It can be jarring to suddenly find yourself as the minority when you’ve always been the majority, but that doesn’t mean it's bad, you're unsafe, or you should avoid living in areas where the majority of those around you are different than you are. Just because Black and Brown folks are at a store doesn’t mean a white person should avoid it all together. The same goes for choosing a neighborhood to live in, a restaurant to eat at, a library to work from, a school for your child to go to, or anything else.
According to PBS, the benefits of inclusion, especially when it comes to diverse classrooms, include the following: "Children develop a positive understanding of themselves and others, friendships develop, children learn important academic skills, and all children learn by being together."
Preventing Your Kids From Engaging In Activism
Look, I understand we’re all trying to keep our children safe. And it’s especially hard living in an era where folks protesting racism and hatred are killed by Nazis using their cars to plow into a group of innocent people. Some parents merely want to prevent their kids from experiencing a tragedy, but you can’t protect your children forever. Once they’re old enough to want to participate in social justice activism, go with them. Show them how they can be activists while staying as safe as possible. It’s OK if your child wants to attend a Black Lives Matter protest, and you should encourage and applaud them for their intersectional feminist behaviors.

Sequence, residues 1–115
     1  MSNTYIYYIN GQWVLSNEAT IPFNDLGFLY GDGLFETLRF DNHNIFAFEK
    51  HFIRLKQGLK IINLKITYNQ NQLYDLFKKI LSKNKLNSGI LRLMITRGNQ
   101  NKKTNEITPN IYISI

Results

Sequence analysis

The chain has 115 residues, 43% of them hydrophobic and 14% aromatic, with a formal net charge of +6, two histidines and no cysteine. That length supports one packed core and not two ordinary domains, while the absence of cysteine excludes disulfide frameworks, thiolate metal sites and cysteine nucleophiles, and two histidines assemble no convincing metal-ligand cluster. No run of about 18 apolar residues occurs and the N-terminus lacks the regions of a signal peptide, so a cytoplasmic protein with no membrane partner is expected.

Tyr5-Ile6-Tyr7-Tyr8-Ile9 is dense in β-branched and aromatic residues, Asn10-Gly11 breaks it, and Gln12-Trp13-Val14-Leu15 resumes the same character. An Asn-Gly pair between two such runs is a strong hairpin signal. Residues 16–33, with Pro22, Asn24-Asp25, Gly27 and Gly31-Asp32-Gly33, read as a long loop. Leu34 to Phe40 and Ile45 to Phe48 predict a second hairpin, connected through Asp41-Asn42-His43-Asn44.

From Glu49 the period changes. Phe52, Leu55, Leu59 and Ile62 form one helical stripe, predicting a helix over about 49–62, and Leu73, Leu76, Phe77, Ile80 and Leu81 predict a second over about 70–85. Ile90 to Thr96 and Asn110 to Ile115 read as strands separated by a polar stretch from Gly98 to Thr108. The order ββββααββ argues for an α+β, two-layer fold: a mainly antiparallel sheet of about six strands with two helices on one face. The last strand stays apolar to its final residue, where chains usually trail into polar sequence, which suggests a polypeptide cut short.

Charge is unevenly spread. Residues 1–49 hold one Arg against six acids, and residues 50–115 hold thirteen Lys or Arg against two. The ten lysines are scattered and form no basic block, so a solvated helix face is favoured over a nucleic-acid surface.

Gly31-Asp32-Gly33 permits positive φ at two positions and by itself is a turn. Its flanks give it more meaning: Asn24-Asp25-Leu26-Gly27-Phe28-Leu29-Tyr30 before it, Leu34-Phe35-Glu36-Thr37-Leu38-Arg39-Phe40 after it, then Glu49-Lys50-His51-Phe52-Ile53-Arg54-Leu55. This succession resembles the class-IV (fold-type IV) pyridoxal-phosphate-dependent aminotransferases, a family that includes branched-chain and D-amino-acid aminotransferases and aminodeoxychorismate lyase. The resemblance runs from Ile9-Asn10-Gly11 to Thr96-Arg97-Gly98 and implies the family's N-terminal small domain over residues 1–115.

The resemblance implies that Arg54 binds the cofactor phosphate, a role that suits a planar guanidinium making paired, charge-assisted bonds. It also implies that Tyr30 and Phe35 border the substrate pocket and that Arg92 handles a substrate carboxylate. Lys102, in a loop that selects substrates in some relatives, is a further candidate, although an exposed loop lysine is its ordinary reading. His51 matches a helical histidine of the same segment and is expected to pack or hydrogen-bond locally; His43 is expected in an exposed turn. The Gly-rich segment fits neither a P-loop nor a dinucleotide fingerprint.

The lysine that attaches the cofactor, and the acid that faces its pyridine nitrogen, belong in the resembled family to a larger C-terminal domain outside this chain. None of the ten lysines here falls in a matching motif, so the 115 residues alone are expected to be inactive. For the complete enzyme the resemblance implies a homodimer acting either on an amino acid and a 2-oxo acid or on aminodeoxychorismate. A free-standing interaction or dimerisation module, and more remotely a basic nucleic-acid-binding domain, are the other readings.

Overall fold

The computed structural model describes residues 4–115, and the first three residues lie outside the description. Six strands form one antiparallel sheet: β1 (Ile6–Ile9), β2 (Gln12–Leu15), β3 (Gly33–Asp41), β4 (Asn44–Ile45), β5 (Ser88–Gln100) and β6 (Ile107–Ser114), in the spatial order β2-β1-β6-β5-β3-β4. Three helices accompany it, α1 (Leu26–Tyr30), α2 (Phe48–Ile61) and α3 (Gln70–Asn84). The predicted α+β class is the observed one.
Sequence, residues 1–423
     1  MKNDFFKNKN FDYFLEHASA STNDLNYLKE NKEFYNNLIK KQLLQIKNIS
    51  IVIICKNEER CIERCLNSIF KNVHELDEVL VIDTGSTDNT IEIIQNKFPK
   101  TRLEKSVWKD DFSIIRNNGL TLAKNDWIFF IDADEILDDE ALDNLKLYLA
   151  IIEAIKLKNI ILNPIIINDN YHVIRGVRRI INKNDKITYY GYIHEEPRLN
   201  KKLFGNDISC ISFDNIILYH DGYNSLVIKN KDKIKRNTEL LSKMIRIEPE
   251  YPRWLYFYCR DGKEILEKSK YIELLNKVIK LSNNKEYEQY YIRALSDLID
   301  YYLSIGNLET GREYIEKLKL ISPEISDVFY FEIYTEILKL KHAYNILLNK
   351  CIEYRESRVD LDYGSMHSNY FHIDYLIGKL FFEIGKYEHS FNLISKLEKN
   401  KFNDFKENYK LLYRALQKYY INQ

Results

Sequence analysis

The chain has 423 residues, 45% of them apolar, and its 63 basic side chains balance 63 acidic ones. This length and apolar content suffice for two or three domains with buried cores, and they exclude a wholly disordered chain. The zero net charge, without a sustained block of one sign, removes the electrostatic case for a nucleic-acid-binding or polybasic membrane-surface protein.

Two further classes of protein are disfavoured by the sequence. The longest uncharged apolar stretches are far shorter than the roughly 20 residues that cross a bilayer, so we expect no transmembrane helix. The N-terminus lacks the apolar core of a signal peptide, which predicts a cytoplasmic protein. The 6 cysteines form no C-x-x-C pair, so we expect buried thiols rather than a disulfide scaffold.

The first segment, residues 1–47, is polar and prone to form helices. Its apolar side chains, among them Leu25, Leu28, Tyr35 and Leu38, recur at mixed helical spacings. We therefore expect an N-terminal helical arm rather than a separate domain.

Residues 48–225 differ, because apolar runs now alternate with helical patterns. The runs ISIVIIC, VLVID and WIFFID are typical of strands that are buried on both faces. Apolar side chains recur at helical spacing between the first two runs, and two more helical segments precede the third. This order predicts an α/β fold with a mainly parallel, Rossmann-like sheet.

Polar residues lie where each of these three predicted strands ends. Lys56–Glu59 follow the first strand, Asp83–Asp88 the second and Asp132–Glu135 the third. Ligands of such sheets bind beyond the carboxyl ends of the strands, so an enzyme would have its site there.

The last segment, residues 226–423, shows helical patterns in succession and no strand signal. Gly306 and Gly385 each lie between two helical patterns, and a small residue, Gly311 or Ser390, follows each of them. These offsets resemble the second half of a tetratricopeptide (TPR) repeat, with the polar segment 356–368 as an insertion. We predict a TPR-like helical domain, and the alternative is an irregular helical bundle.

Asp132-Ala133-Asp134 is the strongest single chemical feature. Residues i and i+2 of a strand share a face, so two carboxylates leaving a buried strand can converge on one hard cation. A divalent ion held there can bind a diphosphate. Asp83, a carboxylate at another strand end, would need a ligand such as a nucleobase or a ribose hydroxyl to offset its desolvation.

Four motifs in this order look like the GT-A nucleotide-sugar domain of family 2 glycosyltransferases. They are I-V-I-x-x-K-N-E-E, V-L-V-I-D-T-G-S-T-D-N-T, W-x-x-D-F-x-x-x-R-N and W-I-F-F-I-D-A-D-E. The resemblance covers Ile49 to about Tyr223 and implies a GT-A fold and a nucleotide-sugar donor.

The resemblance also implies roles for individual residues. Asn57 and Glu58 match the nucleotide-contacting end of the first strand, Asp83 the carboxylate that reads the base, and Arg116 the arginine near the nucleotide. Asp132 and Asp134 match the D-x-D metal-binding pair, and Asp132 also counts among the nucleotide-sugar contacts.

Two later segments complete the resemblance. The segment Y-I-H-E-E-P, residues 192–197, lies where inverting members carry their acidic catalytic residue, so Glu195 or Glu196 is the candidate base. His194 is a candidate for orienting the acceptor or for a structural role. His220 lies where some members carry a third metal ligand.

According to two online surveys, "activists were more likely to be 'flourishing' than were nonactivists." The two studies also found that "several indicators of activism were positively associated with measures of hedonic, eudaimonic, and social well-being."
Taking An Active Role In Gentrification